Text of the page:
system strengthening to which a growing number of global health
professionals and practitioners are contributing.13 Sixth, at the Montreux
symposium, stakeholders will “share evidence, identify significant
knowledge gaps, and set a research agenda that reflects the needs of low
and middle-income countries”.3

The panel proposes areas where better evidence and capacity is needed to
advance the agenda for health-system strengthening. The propositions
encourage involvement and interactions between all levels, from local
communities to global policy makers and funders. A joint understanding of
health-system strengthening and an agenda for action with broad support
across a wide spectrum of stakeholders will be central tools to improve
efforts. The period leading up to the November symposium is an opportunity
to improve and refine the agenda for research and action.


Future research and evaluation focus areas for health-system

Focal health-system strengthening areas:

Role of civil society and community-based organisations in health-system

Retention and optimum use of human resources for health as a function of
health-system strengthening

Approaches to strengthening health-systems governance

Optimum approaches to intersectoral collaborations for health-system

Assessments of health-systems performance at different levels of health

Operational research to test capacity of district health-information
systems to provide evidence on health-systems performance

Capacity of health systems to respond to demographic change, ageing
populations, chronic diseases, and emerging infections

Measuring and improving health-service quality

Cross-country comparative health-systems analyses to understand how health
interventions and contexts interact

Future activities in health-system strengthening might include:

Formation of high-level task force involving policy makers and other
stakeholders from low-income and middle-income countries to review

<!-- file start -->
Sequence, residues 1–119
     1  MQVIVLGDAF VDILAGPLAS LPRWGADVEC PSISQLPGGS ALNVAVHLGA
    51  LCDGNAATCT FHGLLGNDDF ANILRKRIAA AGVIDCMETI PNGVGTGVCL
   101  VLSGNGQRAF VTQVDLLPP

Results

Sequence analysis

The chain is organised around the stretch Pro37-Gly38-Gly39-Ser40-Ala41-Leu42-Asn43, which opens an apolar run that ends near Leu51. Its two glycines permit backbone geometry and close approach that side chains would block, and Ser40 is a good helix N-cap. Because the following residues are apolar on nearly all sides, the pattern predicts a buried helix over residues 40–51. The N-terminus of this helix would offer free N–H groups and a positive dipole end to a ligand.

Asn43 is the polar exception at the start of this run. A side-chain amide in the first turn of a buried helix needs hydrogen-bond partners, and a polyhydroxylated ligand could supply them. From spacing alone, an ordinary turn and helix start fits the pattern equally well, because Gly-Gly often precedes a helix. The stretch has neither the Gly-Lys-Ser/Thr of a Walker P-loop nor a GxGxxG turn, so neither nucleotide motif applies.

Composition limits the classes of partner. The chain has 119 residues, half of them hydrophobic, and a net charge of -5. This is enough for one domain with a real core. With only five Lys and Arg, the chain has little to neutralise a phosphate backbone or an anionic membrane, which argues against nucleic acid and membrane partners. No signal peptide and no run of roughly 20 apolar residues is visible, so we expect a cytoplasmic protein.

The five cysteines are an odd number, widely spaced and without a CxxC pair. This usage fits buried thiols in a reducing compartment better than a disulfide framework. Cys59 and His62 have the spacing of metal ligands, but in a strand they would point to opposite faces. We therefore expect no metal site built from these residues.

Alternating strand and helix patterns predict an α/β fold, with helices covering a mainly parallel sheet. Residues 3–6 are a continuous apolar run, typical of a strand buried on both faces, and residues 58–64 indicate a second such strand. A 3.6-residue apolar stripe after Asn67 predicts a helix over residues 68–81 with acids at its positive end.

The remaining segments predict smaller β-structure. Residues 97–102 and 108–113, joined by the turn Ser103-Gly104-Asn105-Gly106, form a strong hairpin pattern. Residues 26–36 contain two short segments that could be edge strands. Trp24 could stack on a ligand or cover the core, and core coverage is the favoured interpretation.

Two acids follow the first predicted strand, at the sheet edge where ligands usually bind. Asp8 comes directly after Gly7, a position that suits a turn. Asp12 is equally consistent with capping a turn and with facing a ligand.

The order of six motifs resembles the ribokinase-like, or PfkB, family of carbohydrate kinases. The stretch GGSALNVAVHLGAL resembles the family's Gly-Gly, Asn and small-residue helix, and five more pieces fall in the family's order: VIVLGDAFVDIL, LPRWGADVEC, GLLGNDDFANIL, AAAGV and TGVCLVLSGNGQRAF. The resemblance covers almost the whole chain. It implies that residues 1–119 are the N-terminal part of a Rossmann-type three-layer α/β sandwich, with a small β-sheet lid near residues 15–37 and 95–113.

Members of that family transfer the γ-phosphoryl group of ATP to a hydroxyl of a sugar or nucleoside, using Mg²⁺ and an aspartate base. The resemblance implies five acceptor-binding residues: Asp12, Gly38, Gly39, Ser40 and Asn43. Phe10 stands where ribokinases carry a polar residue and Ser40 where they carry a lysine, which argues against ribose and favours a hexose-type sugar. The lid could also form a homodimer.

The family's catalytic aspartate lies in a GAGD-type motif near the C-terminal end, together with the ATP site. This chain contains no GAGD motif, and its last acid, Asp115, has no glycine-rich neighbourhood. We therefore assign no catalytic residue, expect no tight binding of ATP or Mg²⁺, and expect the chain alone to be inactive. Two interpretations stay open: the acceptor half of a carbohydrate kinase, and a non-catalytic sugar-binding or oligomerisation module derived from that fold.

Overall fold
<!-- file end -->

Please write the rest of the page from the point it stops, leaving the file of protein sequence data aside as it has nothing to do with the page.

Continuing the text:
evidence-base for health-system strengthening

Training in implementation and evaluation of strategies for health-system
strengthening for senior health-systems stewards in ministries of health

Developing tools for assessments of health-systems impacts to test effects
of new global programmes and initiatives on health systems14

Supporting countries to develop menus of priorities for health-system
strengthening for donors to fund

Developing efficient funding mechanisms for donors to coordinate, channel,
and minimise duplication in support for health-system strengthening to

Encouraging broad adoption of the ten steps to systems thinking as
formulated by WHO in efforts on health-system strengthening12

Engaging civil society in efforts for health-system strengthening for
stronger community-based responses

We declare that we have no conflicts of interest.


1 Travis P, Bennett S, Haines A, et al. Overcoming health-systems
constraints to achieve the Millennium Development Goals. Lancet 2004; 364:

2 WHO. The world health report 2000-health systems: improving performance. (accessed April 12, 2010).

3 First Global Symposium on Health Systems Research. (accessed April 18, 2010).
4 Samb B, Evans T, Dybul M, et al. An assessment of interactions between
global health initiatives and country health systems. Lancet 2009; 373:

5 WHO. Everybody’s business: strengthening health systems to improve
health outcomes: WHO’s framework for action.
(accessed April 12, 2010).

6 Shakarishvili G, Atun R, Berman P, Hsiao W, Burgess C, Lansang MA.
Converging health systems framework: towards a concepts-to-actions roadmap
for health systems strengthening in low- and middle-income countries.
Global Health Gov 2010; III: 1-16.

7 Taskforce on Health Systems Research. Informed choices for attaining the
Millennium Development Goals: towards an international cooperative agenda
for health-systems research. Lancet 2004; 364: 997-1003.

8 Fryatt R, Mills A, Nordstrom A. Financing of health systems to achieve
the health Millennium Development Goals in low-income countries. Lancet
2010; 375: 419-426.

9 Sanders DM, Todd C, Chopra M. Confronting Africa’s health crisis: more
of the same will not be enough. BMJ 2005; 331: 755-758.

10 World Bank. Moving towards a health systems funding platform. (accessed Feb 17, 2010).

11 WHO. Toolkit for monitoring health systems strengthening.
(accessed May 26, 2010).

12 De Savigny D, Adam T. Systems thinking for health systems
(accessed April 20, 2010).

13 Strengthening Health Systems. Health systems strengthening consensus
(accessed April 20, 2010).

14 Swanson RC, Mosley H, Sanders D, et al. Call for global health-systems
impact assessments. Lancet 2009; 374: 433-435.

a Division of Global Health (IHCAR), Stockholm SE-171 77, Sweden
b Johns Hopkins Bloomberg School of Public Health, Baltimore, MD, USA
c Health Systems Action Network, New Delhi, India
d School of Public Health, University of Western Cape, Bellville, Cape
Town, Western Cape, South Africa
e Global Forum for Health Research, Geneva, Switzerland
f Global Fund to Fight AIDS, Tuberculosis and Malaria, Geneva, Switzerland
g Royal College of Surgeons, Dublin, Ireland
h London School of Hygiene and Tropical Medicine, London, UK